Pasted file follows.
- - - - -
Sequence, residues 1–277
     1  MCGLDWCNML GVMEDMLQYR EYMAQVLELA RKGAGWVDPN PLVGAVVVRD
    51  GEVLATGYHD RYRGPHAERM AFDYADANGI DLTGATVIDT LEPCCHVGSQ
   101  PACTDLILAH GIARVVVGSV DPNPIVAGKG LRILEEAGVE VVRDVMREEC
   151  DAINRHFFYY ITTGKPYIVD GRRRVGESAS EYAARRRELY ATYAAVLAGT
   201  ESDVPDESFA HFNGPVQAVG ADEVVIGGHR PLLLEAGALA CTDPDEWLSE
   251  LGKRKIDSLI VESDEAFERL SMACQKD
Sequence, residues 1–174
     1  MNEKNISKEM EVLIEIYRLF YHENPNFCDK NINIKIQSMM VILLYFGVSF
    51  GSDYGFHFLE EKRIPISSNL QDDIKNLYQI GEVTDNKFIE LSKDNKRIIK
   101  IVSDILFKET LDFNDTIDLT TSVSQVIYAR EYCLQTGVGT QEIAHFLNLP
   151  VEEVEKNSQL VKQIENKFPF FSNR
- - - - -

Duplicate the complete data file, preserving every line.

Sequence, residues 1–277
     1  MCGLDWCNML GVMEDMLQYR EYMAQVLELA RKGAGWVDPN PLVGAVVVRD
    51  GEVLATGYHD RYRGPHAERM AFDYADANGI DLTGATVIDT LEPCCHVGSQ
   101  PACTDLILAH GIARVVVGSV DPNPIVAGKG LRILEEAGVE VVRDVMREEC
   151  DAINRHFFYY ITTGKPYIVD GRRRVGESAS EYAARRRELY ATYAAVLAGT
   201  ESDVPDESFA HFNGPVQAVG ADEVVIGGHR PLLLEAGALA CTDPDEWLSE
   251  LGKRKIDSLI VESDEAFERL SMACQKD
Sequence, residues 1–174
     1  MNEKNISKEM EVLIEIYRLF YHENPNFCDK NINIKIQSMM VILLYFGVSF
    51  GSDYGFHFLE EKRIPISSNL QDDIKNLYQI GEVTDNKFIE LSKDNKRIIK
   101  IVSDILFKET LDFNDTIDLT TSVSQVIYAR EYCLQTGVGT QEIAHFLNLP
   151  VEEVEKNSQL VKQIENKFPF FSNR